Shetland wool and Lombard plums…..

working the foot

As I mentioned yesterday, while Anne has been showing me how to knit socks I’ve found it easier to have a few socks all on the go at once so I can just keep repeating each stage again….Also I was curious to see how different types of needles worked so bought myself a pair of Hiya Hiya needles and also a pair of Knitpro Karbonz to try out along side the Brittany ones…..I’ve been able to change needles as I work each sock, seeing which needle a wool prefers……and as much as I love the Brittany wooden ones I’m aware my tension is very tight on those small ones (it seems better when I’m knitting on bigger sized ones though)…..

As my knitting budget isn’t limitless I’ve had a bit of a rummage in my wool bags, and found some balls of Jamieson’s of Shetland that I’d completely forgotten I had.  (I can’t even remember what I originally ordered this for….something crochet-y I’m imagining)…I know that a lot of yarn for socks has a little nylon in it but I thought well people have been knitting socks for hundreds of years without nylon, so decided to just have a bit of a try with this Spindrift wool.

finishing the decreases at the toe

It’s knitted up so beautifully and almost every other row has seen me slide it over my fingers and imagine it as the cuff on a beautiful cardigan.  It’s very soft and I’m not finding it scratchy or really even tickly……also I love how there is so much other colour going on in the wool…wee flecks of blue, an almost orangey red…..all those tiny daubs really do make the wool glow and captures perfectly the colour of a fat ripe damson or plum (especially the Lombard variety).

Each week that Anne has been round I’ve learnt what to do at a different stage of the sock construction, the first week was casting onto the dpns (I found it easiest to cast on using a slightly bigger long needle before just slipping my stitches off onto the dpns, this works fine with a regular knitting needle or a circular one), then working a section of rib which really did feel very odd at first, too many needles…but as I learnt to ignore all but the two needles I was knitting with, it became easier, and then working down the leg of the sock in stocking stitch……two sock tubes were created that first week while waitign for my next lesson and having a vague idea of what to do made that second sock a lot easier to knit and I started two more, one with the Jamieson’s of Shetland wool, the other with some woad dyed wool from Lavenham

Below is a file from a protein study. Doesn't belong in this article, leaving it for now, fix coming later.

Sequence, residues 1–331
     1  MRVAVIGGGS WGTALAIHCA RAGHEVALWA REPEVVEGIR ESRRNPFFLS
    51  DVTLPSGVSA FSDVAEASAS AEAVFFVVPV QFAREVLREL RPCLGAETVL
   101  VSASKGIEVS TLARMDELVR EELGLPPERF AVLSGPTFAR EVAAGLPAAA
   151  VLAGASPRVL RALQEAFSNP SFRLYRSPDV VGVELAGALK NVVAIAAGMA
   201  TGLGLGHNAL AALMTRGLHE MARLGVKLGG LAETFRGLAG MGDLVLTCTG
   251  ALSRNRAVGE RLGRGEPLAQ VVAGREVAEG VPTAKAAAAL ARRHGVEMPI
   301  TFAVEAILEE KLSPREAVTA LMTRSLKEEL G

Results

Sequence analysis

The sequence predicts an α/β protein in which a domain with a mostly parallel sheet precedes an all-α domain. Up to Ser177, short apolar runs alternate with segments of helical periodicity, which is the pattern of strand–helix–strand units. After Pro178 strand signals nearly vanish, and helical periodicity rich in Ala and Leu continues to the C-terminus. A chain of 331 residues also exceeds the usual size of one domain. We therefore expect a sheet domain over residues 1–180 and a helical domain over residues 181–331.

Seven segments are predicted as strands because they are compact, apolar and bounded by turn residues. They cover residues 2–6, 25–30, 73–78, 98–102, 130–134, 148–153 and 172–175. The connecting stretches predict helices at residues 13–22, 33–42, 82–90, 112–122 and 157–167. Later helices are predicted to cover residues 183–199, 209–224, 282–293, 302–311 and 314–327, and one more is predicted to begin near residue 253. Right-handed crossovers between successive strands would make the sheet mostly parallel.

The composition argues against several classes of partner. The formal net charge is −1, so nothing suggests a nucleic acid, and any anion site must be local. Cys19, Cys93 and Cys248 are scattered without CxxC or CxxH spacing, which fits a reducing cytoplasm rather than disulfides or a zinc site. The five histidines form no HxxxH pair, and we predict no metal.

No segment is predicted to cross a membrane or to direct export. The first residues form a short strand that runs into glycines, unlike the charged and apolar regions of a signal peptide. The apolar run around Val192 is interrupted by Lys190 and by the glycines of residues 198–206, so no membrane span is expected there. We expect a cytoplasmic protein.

ready to work the kitchener stitch

Then we spent an afternoon on the heel, knitting the strip at the back and the little cup turn just underneath….seeing the sides pull in and the bit underneath form was so amazing, and having 4 socks to practice the technique really helped set it in my head.

I still needed my notes and scribbles close to hand but each time I made that section it became easier.  An afternoon was also spent in picking up the slipped stitches of the heel and then knitting the decreases to bring the stitch count down….finally the last lesson was making the decreases at the side of the toes and working the kitchener (or Paul Daniels*) stitch.

I found it a lot easier having more than one sock to knit at a time.  I do find it a bit hard to count what row I’m on, it’s getting a bit easier though I’m still likely to be one or two rows out, but I tend to jot down when I start a row at home…not so easy to do when I’ve knitted on the bus or am having a coffee out.

There’s nothing like knitting socks in public to get told some lovely knitting stories…I always have something to do on the bus as I get a bit travel sick feeling if not, even on a very short journey…and I’ve found sock knitting just perfect…..I’ve heard stories of mums and grannies who knitted, one man told me how he used to sit with his arms out for his mum to wind her wool…he was quite elderly and he laughed as he told me she’d pop a boiled sweet into his mouth to keep him still, someone else told me their dad taught them to knit as their mum was left handed….one lady has socks knitted by her granny and her mum, passed down and treasured, darned to high heaven and still being worn….often I put down my knitting to listen, but that’s fine, I love hearing the different stories and in between someone new will get on and ask “no Bernard today, or how’s the cat?” (he’s got his own little fan club on the bus.